Thanks to Joey Burton for passing on this article about Coach Nick Saban written by Alex Scarborough for ESPN. It's well worth the read in it's entirety but here are a few nuggets I pulled from it:
"If you play chess, he was the master," Al Bohl said. "Someone else could have three or four offensive things they'd do differently and he would checkmate all of them, and he'd have maybe 10 more great moves he'd never have to use."
The same things you hear about Saban's practices and his defensive schemes today were apparent from day one at Toledo. Bohl's son, a safety on the team, told him, "Dad, it's unbelievable. ... What we were doing before wasn't even close to being this sophisticated."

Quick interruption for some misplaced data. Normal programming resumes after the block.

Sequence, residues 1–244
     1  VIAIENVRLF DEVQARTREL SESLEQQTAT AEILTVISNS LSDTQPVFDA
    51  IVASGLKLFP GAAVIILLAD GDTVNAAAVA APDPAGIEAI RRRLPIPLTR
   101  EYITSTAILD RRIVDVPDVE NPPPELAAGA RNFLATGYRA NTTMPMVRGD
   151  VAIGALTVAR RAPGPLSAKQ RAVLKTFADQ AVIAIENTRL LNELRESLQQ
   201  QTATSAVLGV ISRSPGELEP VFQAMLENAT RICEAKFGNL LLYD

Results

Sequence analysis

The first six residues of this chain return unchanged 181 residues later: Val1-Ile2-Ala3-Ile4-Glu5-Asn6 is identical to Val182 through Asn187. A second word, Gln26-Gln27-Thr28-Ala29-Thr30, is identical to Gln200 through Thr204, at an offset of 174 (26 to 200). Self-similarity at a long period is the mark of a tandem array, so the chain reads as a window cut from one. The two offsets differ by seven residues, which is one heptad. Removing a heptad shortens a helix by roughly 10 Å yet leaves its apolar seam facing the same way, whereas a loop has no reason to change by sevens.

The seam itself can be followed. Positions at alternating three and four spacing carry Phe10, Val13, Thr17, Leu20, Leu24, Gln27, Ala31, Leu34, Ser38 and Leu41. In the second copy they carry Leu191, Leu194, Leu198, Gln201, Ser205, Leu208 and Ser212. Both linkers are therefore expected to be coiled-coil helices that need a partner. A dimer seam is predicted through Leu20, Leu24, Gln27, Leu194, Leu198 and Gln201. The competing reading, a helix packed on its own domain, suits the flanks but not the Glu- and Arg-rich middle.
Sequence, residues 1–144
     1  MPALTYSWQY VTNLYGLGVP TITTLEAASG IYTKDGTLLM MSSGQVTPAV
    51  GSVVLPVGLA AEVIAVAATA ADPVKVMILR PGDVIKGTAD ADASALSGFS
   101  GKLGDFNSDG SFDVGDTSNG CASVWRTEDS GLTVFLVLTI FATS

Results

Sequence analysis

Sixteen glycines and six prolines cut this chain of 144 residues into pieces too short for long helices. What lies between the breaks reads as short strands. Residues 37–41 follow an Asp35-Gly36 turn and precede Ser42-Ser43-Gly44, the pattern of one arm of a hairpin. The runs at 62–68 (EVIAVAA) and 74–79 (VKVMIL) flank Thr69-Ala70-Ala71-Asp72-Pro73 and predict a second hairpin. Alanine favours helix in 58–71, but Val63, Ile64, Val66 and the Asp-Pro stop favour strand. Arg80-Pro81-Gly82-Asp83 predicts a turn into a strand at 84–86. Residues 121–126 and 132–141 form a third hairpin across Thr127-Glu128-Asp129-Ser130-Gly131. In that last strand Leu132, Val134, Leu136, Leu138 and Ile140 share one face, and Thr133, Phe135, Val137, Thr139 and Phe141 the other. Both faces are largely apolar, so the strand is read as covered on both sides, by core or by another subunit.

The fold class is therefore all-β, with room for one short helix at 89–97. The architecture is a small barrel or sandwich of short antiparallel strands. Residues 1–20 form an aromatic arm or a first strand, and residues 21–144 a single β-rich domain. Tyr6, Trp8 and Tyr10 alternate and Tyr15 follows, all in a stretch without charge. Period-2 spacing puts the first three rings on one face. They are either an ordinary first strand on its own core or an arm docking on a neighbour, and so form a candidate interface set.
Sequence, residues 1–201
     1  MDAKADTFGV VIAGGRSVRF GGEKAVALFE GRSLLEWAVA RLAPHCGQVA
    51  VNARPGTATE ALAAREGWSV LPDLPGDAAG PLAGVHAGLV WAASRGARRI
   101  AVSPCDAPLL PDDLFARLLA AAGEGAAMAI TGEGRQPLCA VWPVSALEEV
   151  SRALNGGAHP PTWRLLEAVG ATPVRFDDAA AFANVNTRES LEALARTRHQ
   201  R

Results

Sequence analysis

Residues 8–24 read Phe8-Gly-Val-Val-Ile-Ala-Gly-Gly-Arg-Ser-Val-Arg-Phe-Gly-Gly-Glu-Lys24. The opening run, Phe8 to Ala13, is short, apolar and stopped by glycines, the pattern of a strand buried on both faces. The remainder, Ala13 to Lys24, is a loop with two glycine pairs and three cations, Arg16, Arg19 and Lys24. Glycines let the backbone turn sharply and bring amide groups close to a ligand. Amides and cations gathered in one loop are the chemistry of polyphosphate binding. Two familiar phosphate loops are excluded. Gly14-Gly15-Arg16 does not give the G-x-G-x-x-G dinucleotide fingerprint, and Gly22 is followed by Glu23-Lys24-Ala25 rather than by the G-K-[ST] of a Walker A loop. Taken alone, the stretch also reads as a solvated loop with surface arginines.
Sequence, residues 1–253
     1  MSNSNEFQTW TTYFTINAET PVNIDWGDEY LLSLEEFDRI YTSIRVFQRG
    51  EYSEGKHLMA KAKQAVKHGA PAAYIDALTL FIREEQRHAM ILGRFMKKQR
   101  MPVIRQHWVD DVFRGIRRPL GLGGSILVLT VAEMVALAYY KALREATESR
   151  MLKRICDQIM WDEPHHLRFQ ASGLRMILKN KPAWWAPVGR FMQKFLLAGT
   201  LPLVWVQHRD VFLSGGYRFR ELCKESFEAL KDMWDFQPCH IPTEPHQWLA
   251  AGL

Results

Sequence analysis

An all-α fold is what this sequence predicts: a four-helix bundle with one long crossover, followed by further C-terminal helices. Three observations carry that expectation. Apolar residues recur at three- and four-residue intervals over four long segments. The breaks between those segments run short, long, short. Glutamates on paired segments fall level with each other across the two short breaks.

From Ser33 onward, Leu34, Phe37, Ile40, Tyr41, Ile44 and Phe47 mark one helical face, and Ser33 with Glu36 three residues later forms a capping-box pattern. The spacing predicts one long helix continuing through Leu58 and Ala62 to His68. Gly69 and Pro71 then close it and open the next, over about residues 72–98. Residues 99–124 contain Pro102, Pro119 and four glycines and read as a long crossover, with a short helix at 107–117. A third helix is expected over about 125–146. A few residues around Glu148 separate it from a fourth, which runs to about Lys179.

"He brought a brand-new energy to the practices," Bohl said. "His organizational skills were off the charts. You aren't jacking around at a Nick Saban practice. Everyone has a schedule. You don't have the No. 1s going against the No. 2s and there are 50 guys on the sidelines watching; everybody is in an activity doing something with a purpose."
Focus, attention to detail, a singular purpose; those were the things that Saban had in spades. Toledo went from a .500 team to 9-2 in his first season.
"I noticed a difference from when I went with him at Toledo and then at Michigan State," said Dean Pees, now the defensive coordinator for the Baltimore Ravens. "I even notice a difference now. But it's just gotten better and better and better. You didn't really feel like this guy was unsure of what he was going."
From the minute George Perles saw a 26-year-old Saban scouring film at the Pittsburgh Steelers' offices, he was impressed.
"First of all, he's very intelligent," he said. "Secondly, he works very hard. And that's a good combination. He was always early and always stayed late. It was obvious he wanted to be a head coach very badly."